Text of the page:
For those of us who were teens in the 1980s and intently followed non-pop “alternative” music—bands like the Minutemen, X, Circle Jerks, Meat Puppets, Dead Kennedy’s, The Gun Club, Sonic Youth to name a few—the historical narrative of “punk” only went downhill after Geffen signed Nirvana in the early 1990s (and coincidently, CDs started to become the norm). Suddenly the music that was “ours” was “new” and all over MTV in what seemed increasingly like a sanitized and commercial form, a feeling likely (or not) shared by younger generations as commercial appropriation of any and all subcultures increases at warp-speed.


Shut Up and Sing, chronicles the Dixie Chicks’ much publicized battle with right–wing ideologues over their anti–war political stance. The Bridge, inspired by a New Yorker article, examines the Golden Gate’s morbid appeal as world–famous suicide site.

Docs In Sight

The Decline of Distributors

Any independent filmmaker who goes through the shameful dance of trying to find a traditional distributor these days tends to face an uphill battle, especially if they are trying to get any advance and real commitment. And if they do sign a contract, there are plenty of horror stories of distributors not spending the investment in publicity they promised and essentially letting a film disappear quickly.

Docs In Sight

The Next Way to Watch?

A recent TV ad expresses perfectly a new model of “content delivery.” Myriad hipsters lounge in airports, under outdoor sculptures, and on grassy knolls enraptured with the personal video experience on their cell phone.

Don’t See It Now

“Golden Age” seems like an incessant reference in criticism and the like, one that often indicates more the lack of iconoclastic risk in the present than an intrinsic brilliance in the past.

Docs In Sight

Documentary Is Not Fiction!

The 2005 documentary season kicked off with more of an outbreak than a bang.

Docs In Sight

Limits to the Means of Production

Most nonpractitioners of documentary film know little about the increasing obstacles to obtaining rights and clearances that independent filmmakers face.

Docs in Sight: The New Dawn of the Profitable Political Film

May 5 wasn’t only Cinco de Mayo but also marked a day of revolution for political documentaries in the arena of popular culture.

Docs in Sight: Systemic Ills, Dark Fetishes, Drugs, and Guns at the Tribeca Film Festival

The Tribeca Film Festival has grown exponentially since it was largely founded as part of the rebound from a destroyed lower Manhattan post-9/11. And, as New York City has gone into gentrification overdrive, TriBeCa (Triangle Below Canal for those unaware) is no longer a desolate area associated with artist lofts and underground clubs represented in the now unthinkable 1985 Scorsese film After Hours (though, to be fair, that was mostly SoHo).

Docs In Sight

Summer 2006

No one ever said that the New York Times was cutting edge regarding trends (in fact it’s practical wisdom that if a cultural trend is written about in the Times, it’s over).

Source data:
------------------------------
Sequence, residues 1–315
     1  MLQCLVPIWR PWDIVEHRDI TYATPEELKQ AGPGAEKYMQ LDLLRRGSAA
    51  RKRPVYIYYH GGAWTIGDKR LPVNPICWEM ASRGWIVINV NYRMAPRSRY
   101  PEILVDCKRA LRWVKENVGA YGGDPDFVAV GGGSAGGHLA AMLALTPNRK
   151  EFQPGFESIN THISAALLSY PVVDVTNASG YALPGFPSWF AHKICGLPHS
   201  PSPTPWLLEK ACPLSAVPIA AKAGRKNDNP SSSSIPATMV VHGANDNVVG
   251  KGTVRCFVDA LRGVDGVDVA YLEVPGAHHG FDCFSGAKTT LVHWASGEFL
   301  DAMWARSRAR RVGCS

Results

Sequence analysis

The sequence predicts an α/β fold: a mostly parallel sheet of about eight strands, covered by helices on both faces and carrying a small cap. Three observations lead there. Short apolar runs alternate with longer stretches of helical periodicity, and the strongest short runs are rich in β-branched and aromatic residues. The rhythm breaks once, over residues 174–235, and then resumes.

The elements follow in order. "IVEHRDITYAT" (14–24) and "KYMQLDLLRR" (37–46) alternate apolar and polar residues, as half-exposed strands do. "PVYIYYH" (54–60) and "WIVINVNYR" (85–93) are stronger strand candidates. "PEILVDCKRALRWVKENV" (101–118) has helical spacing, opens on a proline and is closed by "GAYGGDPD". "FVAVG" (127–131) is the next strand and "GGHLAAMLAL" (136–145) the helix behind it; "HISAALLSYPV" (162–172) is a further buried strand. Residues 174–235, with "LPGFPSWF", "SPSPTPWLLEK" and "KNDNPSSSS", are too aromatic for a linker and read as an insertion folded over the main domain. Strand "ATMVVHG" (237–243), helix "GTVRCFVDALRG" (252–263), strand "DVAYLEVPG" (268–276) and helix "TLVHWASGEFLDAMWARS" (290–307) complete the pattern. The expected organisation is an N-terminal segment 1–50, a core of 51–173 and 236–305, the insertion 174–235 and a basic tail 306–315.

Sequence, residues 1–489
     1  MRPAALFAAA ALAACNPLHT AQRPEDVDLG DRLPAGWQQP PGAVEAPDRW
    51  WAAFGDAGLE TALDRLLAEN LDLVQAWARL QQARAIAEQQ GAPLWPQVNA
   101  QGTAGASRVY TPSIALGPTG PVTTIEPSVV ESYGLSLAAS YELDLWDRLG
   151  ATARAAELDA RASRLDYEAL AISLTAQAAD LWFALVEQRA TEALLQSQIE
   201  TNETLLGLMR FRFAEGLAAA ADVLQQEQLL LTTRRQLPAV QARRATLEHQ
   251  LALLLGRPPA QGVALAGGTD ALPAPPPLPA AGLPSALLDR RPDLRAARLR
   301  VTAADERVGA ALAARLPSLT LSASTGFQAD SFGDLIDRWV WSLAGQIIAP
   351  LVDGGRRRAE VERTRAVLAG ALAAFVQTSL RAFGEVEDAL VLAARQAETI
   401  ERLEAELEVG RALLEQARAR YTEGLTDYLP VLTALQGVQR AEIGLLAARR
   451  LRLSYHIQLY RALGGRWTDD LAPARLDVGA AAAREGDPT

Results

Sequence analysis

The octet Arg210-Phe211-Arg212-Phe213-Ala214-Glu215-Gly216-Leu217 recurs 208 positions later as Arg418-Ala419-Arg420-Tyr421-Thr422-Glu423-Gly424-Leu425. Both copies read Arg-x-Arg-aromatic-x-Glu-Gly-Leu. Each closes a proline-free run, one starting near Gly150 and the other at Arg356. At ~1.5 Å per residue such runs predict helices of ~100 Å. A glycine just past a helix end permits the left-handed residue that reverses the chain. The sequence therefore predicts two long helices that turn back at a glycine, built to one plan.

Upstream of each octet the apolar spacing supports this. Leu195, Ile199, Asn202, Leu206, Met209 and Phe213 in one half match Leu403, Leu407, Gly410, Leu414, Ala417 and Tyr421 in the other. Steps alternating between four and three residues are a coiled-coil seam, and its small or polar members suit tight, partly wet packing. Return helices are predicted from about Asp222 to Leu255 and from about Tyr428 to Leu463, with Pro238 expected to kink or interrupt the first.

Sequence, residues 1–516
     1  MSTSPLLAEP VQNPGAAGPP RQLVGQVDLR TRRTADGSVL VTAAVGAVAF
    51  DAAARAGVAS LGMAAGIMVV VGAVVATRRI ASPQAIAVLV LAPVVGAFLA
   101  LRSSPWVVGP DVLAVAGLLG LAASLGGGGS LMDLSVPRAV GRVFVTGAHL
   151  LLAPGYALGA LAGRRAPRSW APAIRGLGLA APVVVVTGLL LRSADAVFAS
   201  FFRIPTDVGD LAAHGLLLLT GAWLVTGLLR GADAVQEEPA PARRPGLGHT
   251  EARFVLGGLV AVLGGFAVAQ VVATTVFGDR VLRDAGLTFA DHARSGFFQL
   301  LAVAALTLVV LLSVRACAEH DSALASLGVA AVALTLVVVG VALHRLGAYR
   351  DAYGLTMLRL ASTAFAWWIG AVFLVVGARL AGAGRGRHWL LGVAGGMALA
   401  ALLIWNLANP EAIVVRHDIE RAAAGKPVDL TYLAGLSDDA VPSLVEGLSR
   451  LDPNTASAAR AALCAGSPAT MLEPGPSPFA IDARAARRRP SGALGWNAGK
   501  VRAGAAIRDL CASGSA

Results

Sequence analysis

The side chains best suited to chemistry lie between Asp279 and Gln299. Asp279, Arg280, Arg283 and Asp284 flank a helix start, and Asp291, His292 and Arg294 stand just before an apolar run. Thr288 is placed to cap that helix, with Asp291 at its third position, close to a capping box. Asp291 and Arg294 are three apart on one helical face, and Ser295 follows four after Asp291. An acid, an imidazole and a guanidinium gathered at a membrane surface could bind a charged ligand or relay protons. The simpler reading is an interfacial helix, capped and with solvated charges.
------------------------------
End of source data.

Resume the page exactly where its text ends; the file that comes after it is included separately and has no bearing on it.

Docs In Sight

Can Archival Footage Change the World?

Anyone who has seen the record-breaking political documentary Fahrenheit 9/11 knows that much of the rhetorical punch of the film comes from all the footage of W. & Co. that Michael Moore’s production team collected.

Docs In Sight

Borat’s Bummer?

Borat: Cultural Learnings of America to Make Benefit Glorious Nation of Kazakhstan obviously has succeeded recently in becoming The Talked About Film and earned the box office grosses to prove it.

Docs In Sight

Nature and Society

For many growing up in the ‘70s and ‘80s the nature documentary often meant soporific shows on birds and the African plain narrated by an upper-crust Englishman that you were forced to watch as “good for you” TV. In retrospect, it’s now easier to appreciate these meditative and sober films when compared to newer classics like Fox’s When Animals Attack! and the kinds of series that have crowded cable channels in a pointed attempt to energize the form. These new takes on the nature show often include lots of danger, slick graphics, and shocking video of bad weather and gross-out nature—but not much analysis of anything. Yet while Winged Migration and The March of the Penguins has certainly elevated the nature film to a narrative and aesthetic suitable for theatrical release, thankfully the last decade has also brought several epic TV nature series that build on classics such as David Attenborough’s The Shape of Life and The Blue Planet.

Docs In Sight

The Right-Wing Docs

The phenomenal success, both politically and financially, of Michael Moore’s Fahrenheit 9/11 made it only a matter of time before the well-funded right would put forth a slew of responses.

Docs In Sight

Filial Documentaries

At a film market a few years ago, I once heard a prominent documentary sales agent say to a crowd of eager filmmakers that “nobody cares about films about your family. Please don’t make them.”


The Brooklyn Rail

SEPT 2023

All Issues